One of the courses I am doing this term (arguably the best course I am doing this term) is on the Philosophy of Science. I have wanted to write a post on feminism and science for a while but haven’t had the time. Most of the data of the post comes from Kathleen Okruhlik’s Gender and the Biological Sciences. I thought it would make for interesting reading. (That apart I really have nothing to post about. Life is as dull as dull can get).
Traditionally the philosophy of science has placed a very limited premium on the role social and psychological factors play in influencing the scientific process. (The most revolutionary work in this vein was Thomas Kuhns’ The Structure of Scientific Revolutions)
The traditional view of science is of a process that aims at objectivity and achieving a better understanding of reality. In the context of discovery or theory generation how one comes up with a hypothesis is irrelevant. What is important is having a strict and rigorous process of falsifiable experiments and tests. This process will naturally act as a filter to separate the good theories from the bad.
The problem with this view of the scientific process arises when we consider the fact (as Okruhlik points out) that in actuality science doesn’t work like this. A scientific theory is chosen as the best available explanation of a certain phenomena over other theories, not necessarily because it is the best explanation of reality per se. This makes sociological influences at the level of theory generation particularly important.
Take for example theories the aim to explain female behavior. The theories may be different from each other in many respects but if they all arise in a deeply sexist culture, they will all be contaminated by sexism. Non sexist rivals will not be generated at all. Thus having a rigorous, objective scientific process does not automatically eliminate the sexist or androcentric bias from science.
I reproduce just two of the many examples Okruhlik gives to support her case.
One example is nineteenth century craniometry’s attempt to explain inferior female intelligence by appealing to brain size. It was suggested that the true measure of intelligence lay in the proportion of brain to body mass. But this index favoured women and the hypothesis was discarded. It was then suggested that frontal lobes were the seat of intelligence and men have bigger frontal lobes (women have bigger parietal lobes). However when research pointed to parietal lobes being the seat of intelligence the data was evaluated to argue that in actuality women have smaller parietal lobes. The one underlying assumption that scientists were unwilling to give up was that women are biologically less intelligent than men.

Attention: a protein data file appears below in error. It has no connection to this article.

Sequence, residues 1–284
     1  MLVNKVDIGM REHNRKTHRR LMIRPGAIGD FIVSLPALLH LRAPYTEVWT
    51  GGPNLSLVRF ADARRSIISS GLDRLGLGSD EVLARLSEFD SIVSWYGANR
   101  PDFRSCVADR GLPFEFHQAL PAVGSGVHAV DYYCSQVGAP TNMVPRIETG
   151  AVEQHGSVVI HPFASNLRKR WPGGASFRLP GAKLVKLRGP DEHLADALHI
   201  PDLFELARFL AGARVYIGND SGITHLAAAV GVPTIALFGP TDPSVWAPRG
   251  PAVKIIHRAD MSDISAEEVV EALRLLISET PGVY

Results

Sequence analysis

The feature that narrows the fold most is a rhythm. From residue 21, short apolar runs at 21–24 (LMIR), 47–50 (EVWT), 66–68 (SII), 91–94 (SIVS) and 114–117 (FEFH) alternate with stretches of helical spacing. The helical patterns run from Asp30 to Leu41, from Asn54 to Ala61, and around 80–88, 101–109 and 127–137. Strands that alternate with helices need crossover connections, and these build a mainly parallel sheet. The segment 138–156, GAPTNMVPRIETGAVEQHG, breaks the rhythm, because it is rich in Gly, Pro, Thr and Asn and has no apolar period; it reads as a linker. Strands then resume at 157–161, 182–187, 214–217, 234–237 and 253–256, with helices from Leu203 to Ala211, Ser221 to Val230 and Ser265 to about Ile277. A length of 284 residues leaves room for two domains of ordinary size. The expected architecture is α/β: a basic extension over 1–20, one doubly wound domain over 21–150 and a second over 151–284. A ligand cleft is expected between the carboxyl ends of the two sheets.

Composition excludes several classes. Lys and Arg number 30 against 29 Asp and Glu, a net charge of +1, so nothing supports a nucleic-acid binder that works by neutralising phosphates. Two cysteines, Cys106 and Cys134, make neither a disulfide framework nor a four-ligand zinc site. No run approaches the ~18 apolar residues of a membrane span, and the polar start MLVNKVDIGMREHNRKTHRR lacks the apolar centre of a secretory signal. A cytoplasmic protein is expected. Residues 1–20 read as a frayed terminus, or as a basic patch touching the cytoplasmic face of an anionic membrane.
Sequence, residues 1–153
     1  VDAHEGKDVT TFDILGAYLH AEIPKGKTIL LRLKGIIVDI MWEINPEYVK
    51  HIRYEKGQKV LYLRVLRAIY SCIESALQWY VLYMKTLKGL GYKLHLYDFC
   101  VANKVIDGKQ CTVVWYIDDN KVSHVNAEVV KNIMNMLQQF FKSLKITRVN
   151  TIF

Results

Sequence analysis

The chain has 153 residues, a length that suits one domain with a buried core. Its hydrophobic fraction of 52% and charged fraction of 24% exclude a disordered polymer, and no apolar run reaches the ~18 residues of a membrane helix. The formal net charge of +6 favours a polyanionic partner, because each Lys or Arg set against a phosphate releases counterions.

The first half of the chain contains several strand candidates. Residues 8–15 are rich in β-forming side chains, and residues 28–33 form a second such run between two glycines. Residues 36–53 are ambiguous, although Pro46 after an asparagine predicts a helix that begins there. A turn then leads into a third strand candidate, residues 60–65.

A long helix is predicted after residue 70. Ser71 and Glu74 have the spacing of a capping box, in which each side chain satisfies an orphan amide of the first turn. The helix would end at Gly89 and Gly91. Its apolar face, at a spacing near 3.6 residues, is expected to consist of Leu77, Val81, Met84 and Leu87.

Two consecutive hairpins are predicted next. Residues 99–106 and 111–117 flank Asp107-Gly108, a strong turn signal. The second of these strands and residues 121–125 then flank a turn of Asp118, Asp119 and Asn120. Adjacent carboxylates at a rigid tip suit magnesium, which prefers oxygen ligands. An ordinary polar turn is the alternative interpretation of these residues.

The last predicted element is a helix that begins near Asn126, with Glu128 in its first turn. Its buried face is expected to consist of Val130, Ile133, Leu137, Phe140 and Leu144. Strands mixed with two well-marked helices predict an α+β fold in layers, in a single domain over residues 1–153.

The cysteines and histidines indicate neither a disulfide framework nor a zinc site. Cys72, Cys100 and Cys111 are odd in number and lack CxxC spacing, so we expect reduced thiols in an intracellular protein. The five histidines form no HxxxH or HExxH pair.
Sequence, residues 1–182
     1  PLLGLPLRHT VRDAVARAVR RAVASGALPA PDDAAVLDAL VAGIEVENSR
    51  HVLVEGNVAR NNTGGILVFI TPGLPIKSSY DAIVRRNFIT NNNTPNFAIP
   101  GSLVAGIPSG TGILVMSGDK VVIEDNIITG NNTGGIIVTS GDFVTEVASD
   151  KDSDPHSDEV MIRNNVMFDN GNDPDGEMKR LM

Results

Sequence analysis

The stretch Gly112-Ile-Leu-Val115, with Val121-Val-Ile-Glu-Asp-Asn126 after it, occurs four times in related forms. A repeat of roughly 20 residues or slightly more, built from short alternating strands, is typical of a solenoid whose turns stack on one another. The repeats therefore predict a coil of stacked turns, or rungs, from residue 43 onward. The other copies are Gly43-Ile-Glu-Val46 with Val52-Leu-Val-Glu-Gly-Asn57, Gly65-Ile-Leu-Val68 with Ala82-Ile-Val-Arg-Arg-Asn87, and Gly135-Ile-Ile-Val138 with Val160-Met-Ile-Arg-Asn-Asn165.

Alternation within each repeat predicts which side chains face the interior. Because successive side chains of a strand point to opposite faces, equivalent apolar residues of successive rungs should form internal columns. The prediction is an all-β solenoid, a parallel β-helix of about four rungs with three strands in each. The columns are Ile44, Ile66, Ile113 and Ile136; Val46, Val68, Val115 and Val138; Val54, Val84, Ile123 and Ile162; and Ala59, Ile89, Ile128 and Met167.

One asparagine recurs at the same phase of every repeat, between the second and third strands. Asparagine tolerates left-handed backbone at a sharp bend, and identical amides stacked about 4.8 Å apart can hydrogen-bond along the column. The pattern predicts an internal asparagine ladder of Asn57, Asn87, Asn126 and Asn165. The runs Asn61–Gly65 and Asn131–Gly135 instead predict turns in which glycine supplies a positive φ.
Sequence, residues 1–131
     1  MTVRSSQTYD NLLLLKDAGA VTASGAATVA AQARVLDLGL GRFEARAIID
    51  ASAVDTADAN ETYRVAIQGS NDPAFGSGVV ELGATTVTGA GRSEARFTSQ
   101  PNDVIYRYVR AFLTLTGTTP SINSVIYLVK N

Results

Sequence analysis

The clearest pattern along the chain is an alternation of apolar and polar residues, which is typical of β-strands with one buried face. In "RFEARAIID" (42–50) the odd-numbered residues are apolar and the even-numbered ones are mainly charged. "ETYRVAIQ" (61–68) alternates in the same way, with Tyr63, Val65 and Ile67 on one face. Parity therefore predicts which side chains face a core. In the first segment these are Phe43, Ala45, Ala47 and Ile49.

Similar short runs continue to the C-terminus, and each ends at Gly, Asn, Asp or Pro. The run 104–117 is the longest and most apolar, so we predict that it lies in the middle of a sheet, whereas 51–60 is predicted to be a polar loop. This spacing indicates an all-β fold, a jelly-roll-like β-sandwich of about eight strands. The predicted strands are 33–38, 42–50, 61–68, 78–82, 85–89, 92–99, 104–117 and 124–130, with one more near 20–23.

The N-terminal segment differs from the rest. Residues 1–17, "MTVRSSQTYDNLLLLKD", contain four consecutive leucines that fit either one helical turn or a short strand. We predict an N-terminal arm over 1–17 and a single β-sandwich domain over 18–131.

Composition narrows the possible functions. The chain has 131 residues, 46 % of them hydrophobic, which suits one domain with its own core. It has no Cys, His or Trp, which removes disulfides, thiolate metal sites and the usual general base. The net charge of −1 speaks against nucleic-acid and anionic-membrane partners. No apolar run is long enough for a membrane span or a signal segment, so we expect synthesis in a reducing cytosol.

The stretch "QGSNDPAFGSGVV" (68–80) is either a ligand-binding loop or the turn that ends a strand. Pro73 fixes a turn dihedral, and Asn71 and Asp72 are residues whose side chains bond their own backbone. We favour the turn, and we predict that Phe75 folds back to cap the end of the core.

In another example, take the case of the lab rat. An ideal healthy lab rat is by default male. Female hormones and their effects are taken simply as nuisance variables that prevent experimenters from getting at the pure, clean, stripped down essence of rat hood as presented by the male model. (This held true for human experiments as well. Until quite recently the default archetype for medical research was a (white) male). The female species is thus covered by research on males; if she is not included it is because she is not an archetypal member of her own species.
The question that arises therefore is this: Do we simply accede that science is not as rational and objective as we want or think it to be, or do we attempt to alter the process of science so that it takes into account the normative aspects of theory generation?
To achieve the latter it is important, Okruhlik argues, to recognize that there is a bias present in the social arrangements that govern the scientific process and to try and control for these. Secondly, it is important to note that the traditional rationality of the scientific process is a simple summation of individual rationalities. It is only the inclusion of diverse standpoints that can lead to a questioning of certain underlying sociological biases and pave the way for change.
It is for this reason that the feminist standpoint and critique of science is so important. It is not that this view is more holistic, intuitive, objective or nurturant. It is important because it comes from a social and political view point that is different from the one that has dominated science. That said, real change in the scientific process will be possible only when theories are developed by scientists who not only have a solid grounding in their own disciplines but who are also open and committed to questioning the sociological biases that seep into science.
 From Biology and Society, Canadian Journal of Philosophy, Supplementary vol. 20 (1994): 21 -42
 Kuhns fundamental argument is that all normal science essentially works within a given paradigm and is thus constrained by the boundaries of the very paradigm it works within
 The method of Conjecture and Refutation as well as the notion of ‘falsifiability’ were put forth by Karl Popper.
 In Popper's opinion theories are not true or false, but rather good or bad. Once a theory has been corroborated it is accepted as the ‘current’ best theory available.